German Pension Insurance

HAPA: 

health action process approach

SF-36: 

36-Item Short-Form Health Survey

WAI: 

Work Ability Index

WAS: 

Work Ability Score

Declarations

Acknowledgments

This research is funded by the Federal German Pension Insurance and is supported by the German Pension Insurance Rheinland-Pfalz and the German Pension Insurance North. We would like to thank Matthias Stapel and Nathalie Glaser-Möller for their valuable support and engagement in realizing the study.

Open AccessThis article is distributed under the terms of the Creative Commons Attribution 4.0 International License (http://creativecommons.org/licenses/by/4.0/), which permits unrestricted use, distribution, and reproduction in any medium, provided you give appropriate credit to the original author(s) and the source, provide a link to the Creative Commons license, and indicate if changes were made. The Creative Commons Public Domain Dedication waiver (http://creativecommons.org/publicdomain/zero/1.0/) applies to the data made available in this article, unless otherwise stated.

Authors’ Affiliations

(1)
Institute of Social Medicine and Epidemiology, University of Lübeck, Lübeck, Germany
(2)
Department of Rehabilitation, German Federal Pension Insurance, Lübeck, Germany

References

  1. Brüggemann S. The rehabilitation guideline program of the BfA. Z Arztl Fortbild Qualitatssich. 2005;99:47–50.PubMedGoogle Scholar
  2. Raspe H. Need for rehabilitation services: theoretical considerations in “needs assessment.”. Rehabilitation. 2007;46:3–7.View ArticlePubMedGoogle Scholar
  3. Rentenversicherung D. Rentenzugang 2013, vol. 198. Berlin: Deutsche Rentenversicherung Bund; 2014.Google Scholar
  4. Bethge M, Radoschewski F, Gutenbrunner C. The Work Ability Index as a screening tool to identify the need for rehabilitation: longitudinal findings from the Second German Sociomedical Panel of Employees. J Rehabil Med. 2012;44:980–7.View ArticlePubMedGoogle Scholar
  5. Märtin S, Zollmann P. Despite the principle “rehab rather than pension”: why persons with reduced earning capacity often do not pass a rehabilitation before retirement. 13th Congress of European Forum for Research in Rehabilitation (abstract book). 2015. p. 63.Google Scholar
  6. Walter AL, Pohontsch NJ, Deck R. Need for information concerning medical rehabilitation of the Federal German Pension Fund – findings of an online survey of general practitioners. Gesundheitswesen. 2015;77:362–7.View ArticleGoogle Scholar
  7. Koch U, Lehmann C, Morfeld M. Expertise of current trends and future perspectives in rehabilitation research in Germany. Rehabilitation. 2007;46:127–46.View ArticlePubMedGoogle Scholar
  8. Loisel P, Buchbinder R, Hazard R, Keller R, Scheel I, van Tulder M, et al. Prevention of work disability due to musculoskeletal disorders: the challenge of implementing evidence. J Occup Rehabil. 2005;15:507–24.View ArticlePubMedGoogle Scholar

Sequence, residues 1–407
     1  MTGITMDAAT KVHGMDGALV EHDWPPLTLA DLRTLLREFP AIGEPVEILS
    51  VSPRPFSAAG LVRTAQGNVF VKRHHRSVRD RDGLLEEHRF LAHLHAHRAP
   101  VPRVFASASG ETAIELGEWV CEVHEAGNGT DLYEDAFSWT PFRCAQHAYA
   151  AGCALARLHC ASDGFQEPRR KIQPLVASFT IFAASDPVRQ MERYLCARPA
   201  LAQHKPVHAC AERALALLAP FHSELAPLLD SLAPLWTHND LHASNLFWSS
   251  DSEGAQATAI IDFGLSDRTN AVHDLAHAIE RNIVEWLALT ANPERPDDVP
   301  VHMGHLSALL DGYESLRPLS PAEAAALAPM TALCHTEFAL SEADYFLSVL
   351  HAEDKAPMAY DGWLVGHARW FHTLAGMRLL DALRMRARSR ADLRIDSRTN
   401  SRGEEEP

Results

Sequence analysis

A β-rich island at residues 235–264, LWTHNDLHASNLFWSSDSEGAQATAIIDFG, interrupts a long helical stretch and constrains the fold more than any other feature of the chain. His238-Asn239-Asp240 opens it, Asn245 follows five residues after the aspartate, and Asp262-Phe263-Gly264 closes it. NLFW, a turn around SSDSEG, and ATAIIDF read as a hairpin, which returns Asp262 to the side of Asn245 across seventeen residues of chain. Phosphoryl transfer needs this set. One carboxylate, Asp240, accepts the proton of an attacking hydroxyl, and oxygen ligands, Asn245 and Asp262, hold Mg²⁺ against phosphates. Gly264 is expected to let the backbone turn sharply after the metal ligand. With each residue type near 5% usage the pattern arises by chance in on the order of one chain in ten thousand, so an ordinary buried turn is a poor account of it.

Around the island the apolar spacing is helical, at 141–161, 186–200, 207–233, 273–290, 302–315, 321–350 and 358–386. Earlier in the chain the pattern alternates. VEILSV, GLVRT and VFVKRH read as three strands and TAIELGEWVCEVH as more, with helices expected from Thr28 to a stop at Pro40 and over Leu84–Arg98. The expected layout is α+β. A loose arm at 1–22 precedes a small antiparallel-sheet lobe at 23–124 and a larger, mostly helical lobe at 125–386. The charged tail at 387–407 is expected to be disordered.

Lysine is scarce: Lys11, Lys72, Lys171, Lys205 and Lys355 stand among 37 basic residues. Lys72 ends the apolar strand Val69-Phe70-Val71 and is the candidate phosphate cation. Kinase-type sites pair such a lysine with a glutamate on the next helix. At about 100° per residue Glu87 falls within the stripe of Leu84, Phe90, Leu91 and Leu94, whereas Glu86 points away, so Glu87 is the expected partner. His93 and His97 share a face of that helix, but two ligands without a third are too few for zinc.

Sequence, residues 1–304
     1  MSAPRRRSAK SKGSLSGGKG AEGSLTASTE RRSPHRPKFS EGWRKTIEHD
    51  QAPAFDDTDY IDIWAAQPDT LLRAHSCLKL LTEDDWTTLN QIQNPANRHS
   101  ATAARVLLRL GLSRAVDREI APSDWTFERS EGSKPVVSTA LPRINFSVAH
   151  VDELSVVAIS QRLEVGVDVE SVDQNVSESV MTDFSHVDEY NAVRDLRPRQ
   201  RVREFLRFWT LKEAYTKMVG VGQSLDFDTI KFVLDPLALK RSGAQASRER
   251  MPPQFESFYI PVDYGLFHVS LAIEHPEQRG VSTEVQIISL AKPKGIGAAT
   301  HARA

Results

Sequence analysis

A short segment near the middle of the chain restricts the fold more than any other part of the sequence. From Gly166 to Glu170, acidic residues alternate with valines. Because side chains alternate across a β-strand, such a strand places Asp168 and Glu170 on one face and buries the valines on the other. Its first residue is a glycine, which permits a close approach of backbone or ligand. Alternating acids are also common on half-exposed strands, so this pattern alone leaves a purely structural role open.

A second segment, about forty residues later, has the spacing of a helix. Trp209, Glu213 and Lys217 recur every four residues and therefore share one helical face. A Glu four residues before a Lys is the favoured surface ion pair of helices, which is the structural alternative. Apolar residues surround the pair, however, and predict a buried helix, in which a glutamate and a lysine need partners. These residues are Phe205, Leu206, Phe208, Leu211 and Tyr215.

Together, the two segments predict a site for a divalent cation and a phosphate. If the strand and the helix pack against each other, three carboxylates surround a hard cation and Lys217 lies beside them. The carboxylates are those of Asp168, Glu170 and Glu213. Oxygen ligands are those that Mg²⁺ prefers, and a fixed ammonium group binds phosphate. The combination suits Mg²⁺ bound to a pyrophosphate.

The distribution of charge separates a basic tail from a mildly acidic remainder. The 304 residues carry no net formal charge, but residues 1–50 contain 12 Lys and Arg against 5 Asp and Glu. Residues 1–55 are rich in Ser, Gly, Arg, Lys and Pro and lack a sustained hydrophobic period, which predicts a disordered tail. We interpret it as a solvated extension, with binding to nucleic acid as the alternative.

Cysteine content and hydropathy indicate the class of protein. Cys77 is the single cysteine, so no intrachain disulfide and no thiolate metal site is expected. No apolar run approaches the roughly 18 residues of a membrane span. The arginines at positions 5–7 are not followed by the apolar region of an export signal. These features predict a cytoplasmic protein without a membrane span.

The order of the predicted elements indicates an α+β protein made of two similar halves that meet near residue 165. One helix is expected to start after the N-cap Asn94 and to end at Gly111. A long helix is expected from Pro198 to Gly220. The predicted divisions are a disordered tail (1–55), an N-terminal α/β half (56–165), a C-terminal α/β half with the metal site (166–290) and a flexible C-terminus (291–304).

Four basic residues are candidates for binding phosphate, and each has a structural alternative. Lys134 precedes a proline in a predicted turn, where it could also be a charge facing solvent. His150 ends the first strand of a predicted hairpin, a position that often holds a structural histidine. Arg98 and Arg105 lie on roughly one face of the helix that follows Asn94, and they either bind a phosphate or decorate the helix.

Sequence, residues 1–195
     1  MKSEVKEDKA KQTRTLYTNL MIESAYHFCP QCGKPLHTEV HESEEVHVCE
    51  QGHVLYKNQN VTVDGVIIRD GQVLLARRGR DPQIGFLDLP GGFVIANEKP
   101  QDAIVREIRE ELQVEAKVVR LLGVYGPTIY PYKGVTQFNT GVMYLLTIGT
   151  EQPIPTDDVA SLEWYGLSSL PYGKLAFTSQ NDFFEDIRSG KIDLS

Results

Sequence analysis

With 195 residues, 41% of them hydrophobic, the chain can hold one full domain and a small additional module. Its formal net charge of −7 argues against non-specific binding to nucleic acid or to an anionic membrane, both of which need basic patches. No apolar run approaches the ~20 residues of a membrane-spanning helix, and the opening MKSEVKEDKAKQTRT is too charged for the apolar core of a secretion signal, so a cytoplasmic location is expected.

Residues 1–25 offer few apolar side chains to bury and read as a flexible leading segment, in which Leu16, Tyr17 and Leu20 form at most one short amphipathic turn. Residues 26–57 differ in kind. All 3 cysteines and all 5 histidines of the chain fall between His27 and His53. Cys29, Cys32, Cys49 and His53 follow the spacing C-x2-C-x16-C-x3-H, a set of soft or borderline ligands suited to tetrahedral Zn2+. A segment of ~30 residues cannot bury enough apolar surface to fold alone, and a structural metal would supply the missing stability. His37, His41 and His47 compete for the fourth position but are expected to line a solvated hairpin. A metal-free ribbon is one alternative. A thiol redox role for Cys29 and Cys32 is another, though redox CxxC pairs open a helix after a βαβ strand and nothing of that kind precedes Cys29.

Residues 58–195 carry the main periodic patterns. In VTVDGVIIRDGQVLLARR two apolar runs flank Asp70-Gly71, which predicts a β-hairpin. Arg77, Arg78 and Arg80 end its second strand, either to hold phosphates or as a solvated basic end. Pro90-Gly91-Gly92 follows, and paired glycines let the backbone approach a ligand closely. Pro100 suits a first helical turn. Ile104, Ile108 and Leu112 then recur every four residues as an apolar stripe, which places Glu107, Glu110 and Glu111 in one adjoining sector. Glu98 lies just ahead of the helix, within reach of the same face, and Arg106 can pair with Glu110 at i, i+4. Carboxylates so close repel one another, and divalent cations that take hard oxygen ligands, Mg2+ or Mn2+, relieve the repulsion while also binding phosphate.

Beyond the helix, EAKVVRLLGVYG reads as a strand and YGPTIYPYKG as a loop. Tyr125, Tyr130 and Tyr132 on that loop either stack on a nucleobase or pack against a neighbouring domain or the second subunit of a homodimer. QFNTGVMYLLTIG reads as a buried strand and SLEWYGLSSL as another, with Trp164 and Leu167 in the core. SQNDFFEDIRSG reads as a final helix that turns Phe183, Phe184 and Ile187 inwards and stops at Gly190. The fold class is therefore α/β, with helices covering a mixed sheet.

9. Krebs P, Proschaska JO, Rossi JS. A meta-analysis of computer-tailored interventions for health behavior change. Prev Med. 2010;51:214–21.View ArticlePubMedPubMed CentralGoogle Scholar
  10. Initiative D21. D21-Digital-Index 2014. Die Entwicklung der digitalen Gesellschaft in Deutschland Berlin: Initiative D21 e.V; 2014.Google Scholar
  11. Austvoll-Dahlgren A, Bjorndal A, Odgaard-Jensen J, Helseth S. Evaluation of a web portal for improving public access to evidence-based health information and health literacy skills: a pragmatic trial. PLoS One. 2012;7:e37715.View ArticlePubMedPubMed CentralGoogle Scholar
  12. Fox S. The social life of health information. Washington D.C: Pew Internet & American Life Project; 2011.Google Scholar
  13. Sillence E, Briggs P, Harris PR, Fishwick L. How do patients evaluate and make use of online health information? Soc Sci Med. 2007;64:1853–64.View ArticlePubMedGoogle Scholar
  14. Griffiths F, Lindenmeyer A, Powell J, Lowe P, Thorogood M. Why are health care interventions delivered over the internet? A systematic review of the published literature. J Med Internet Res. 2006;8:e10.View ArticlePubMedPubMed CentralGoogle Scholar
  15. Renton T, Tang H, Ennis N, Cusimano MD, Bhalerao S, Schweizer TA, et al. Web-based intervention programs for depression: a scoping review and evaluation. J Med Internet Res. 2014;16:e209.View ArticlePubMedPubMed CentralGoogle Scholar
  16. Schrader G, Bidargaddi N, Eng B. An eHealth intervention for patients in rural areas: preliminary findings form a pilot feasibility study. JMIR Res Protoc. 2014;3:e27.View ArticlePubMedPubMed CentralGoogle Scholar
  17. Murray E, Burns J, See Tai S, Lai R, Nazareth I. Interactive health communication applications for people with chronic disease. Cochrane Database Syst Rev. 2005;4:Cd004274.PubMedGoogle Scholar
  18. Stacey D, Legare F, Col NF, Bennett CL, Barry MJ, Eden KB, et al. Decision aids for people facing health treatment or screening decisions. Cochrane Database Syst Rev. 2014;1:Cd001431.PubMedGoogle Scholar
  19. Ellison G, Weinrich S, Lou M, Xu H, Powell I, Baquet C. A randomized trial comparing web-based decision aids on prostate cancer knowledge for African-American men. J Nat Med Assoc. 2008;100:1139–45.View ArticleGoogle Scholar
  20. Mathieu E, Barratt A, McGeechan K, Davey H, Howard K, Houssami N. Helping women make choices about mammography screening: an online randomized trial of a decision aid for 40-year-old women. Patient Educ Couns. 2010;81:63–72.View ArticlePubMedGoogle Scholar